he internet has changed a lot of things since it first began as a collection of connected computers in the 1960s. Today, virtual spaces are making waves in people’s professional and personal lives.
Taylor: I met recently with Jim Intriglia, a Speaker at the 2020 Educators in VR International Summit event, to gain some perspective on the benefits of virtual reality, virtual collaboration spaces, and how VR is being used by professionals in the business world.
Virtual spaces are really opening doors in the business world. One of the best parts about VR for business, is that it provides many of the benefits of meeting face to face without the logistics headaches. It allows us to build better relationships than a simple phone call since this technology feels more like a real-life meeting to our brains.
Jim: Excellent points, Taylor. At the Educators in VR 2020 International Summit, VR education thought-leaders, subject matter experts and industry leaders were brought together for a week-long virtual event in Microsoft's virtual reality platform, Altspace.
I cannot emphasize enough how many business relationships and collaborations were established during the course of that event, that will benefit education, educators, academic and professional students that are increasingly engaging VR learning and training programs worldwide.
My research partner, Jerad Bitner, and I, enjoyed the opportunity to present our year-long research findings at the summit event, to an audience that was eager to engage the topic of VR applications for business and professional use.
As you point out, a VR meeting experience engages most of the senses that we use in the real world, with the result that we can establish real-world relationships as a result of a shared VR experience with another person.
During the week-long Educators in VR Summit event, I had the opportunity to interact with more people than I would have physically been able to interact with, if the event was held in the physical real world.
One reason for this, is that the time normally needed to travel to a physical event, and between physical presentation rooms, is eliminated in a virtual event.
With a couple of clicks of a VR headset hand controller or PC/laptop mouse, I can teleport to any event or social space, in a matter of seconds. Further, I can send a contact request to a speaker or event attendee, with a click or two.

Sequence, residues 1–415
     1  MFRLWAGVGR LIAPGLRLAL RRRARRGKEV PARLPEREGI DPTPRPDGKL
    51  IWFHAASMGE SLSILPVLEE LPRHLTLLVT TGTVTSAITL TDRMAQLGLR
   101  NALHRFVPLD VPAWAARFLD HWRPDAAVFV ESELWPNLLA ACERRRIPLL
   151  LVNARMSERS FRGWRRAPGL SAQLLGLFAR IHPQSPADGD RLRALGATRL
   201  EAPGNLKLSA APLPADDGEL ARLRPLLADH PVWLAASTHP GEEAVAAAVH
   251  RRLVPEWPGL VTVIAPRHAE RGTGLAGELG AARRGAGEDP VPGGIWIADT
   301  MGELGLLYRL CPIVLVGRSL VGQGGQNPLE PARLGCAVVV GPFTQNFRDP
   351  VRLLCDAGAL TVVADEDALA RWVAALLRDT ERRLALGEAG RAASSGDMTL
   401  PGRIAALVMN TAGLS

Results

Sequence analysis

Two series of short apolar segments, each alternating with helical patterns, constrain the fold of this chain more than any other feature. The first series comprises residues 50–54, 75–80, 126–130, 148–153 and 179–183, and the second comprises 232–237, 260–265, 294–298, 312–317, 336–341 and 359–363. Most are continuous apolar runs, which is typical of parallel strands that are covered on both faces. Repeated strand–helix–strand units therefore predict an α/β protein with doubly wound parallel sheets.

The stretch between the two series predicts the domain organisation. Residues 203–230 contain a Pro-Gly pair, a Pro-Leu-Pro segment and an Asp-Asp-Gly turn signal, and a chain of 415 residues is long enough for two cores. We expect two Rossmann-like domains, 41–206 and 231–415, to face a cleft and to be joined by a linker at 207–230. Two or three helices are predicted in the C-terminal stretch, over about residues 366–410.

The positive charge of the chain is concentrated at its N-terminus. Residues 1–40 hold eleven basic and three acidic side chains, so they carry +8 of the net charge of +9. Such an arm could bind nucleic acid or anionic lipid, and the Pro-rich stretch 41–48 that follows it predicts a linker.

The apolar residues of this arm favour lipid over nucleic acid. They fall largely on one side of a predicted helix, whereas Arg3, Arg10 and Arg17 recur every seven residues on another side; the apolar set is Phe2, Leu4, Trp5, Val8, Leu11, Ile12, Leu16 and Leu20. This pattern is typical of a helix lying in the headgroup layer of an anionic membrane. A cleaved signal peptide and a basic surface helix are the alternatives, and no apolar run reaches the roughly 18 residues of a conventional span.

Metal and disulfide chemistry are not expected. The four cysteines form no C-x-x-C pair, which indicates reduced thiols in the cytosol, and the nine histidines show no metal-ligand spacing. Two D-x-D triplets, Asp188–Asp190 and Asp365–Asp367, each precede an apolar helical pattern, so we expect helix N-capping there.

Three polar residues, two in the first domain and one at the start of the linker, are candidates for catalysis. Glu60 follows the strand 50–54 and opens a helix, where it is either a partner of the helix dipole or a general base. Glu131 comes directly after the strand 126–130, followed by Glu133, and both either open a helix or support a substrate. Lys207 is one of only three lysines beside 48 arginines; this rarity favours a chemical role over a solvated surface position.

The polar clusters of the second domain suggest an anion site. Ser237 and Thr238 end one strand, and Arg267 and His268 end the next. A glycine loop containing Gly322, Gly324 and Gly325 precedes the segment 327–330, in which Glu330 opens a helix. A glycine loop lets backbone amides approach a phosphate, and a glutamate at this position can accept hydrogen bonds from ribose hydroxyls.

During the course of this event, I had the opportunity to engage with many remarkable people, many of which I'll continue the conversation begun at 2020 summit, long into the current year and going forward. This is in sharp contrast with physical events that I've attended, whereby physical and other factors limited the number of people that I could have meaningful engagements with, during the course of an event.
Taylor: In some instances, it’s even better than meeting in real life because avatars allow you to get to know a person for who they truly are. Their ideas, their skills, their true value is at the forefront rather than their appearance. Plus, who doesn’t love the idea of achieving professional development and top-notch networking while you’re wearing pajamas?
Jim: We're learning that there is much more to a VR avatar than meets the eye. For example, the selection and customization of an Avatar that will represent oneself in a VR space is interesting in itself.
Reason being, is we capture some essence of our self, or how we want others to perceive us, during the process whereby we select a base Avatar from a VR space catalog, and begin to customize that avatar to represent us in some space, domain or role.
As you point out, when engaging with another person's avatar in a virtual space, we largely have to rely on what the person is verbally saying, taking cues from their voice and visual gestures that they make using their avatar.
While we do get some visual cues from interpreting the nature of their avatar's appearance, we largely have to go by what is being communicated to us by the content of what is being said and expressed, rather than by visual appearance, as is the tendency in real world interactions.
Taylor: With a VR event, there’s also no need to rent a conference space.
Jim: That's true, as virtual spaces are inexpensive to secure presently, and can be dynamically sized to accommodate attendees. The characteristics of a VR event lowers the cost of hosting an event, which significantly reduces or eliminates the cost of expenses related to securing an event space and traveling to the event location.
Another key advantage of virtual events is the management of disruptive attendees. In Altspace, it is easy for an event moderator to communicate and warn an attending avatar, if their behavior at an event is affecting other attendee's experience.
Event trolls and bullies, as well as other disruptive attendees that do not heed the warnings of event Moderators, can be quickly dispatched out of the event space, and banned from re-entering the current or future events.
Managing disruptive attendees for speakers and event moderators for real-world events is a skill in itself, that takes time and practice to use effectively, when needed. Oftentimes, these is no graceful means to manage disruptive attendee(s) quickly, without causing an obvious disruption to the event in progress.
Taylor: The Oculus Quest, a VR headset priced at $399, significantly lowers the barrier of entry for the average person that is seeking to be entertained while learning, meeting other people, and collaborating on a variety of things, all in a virtual space.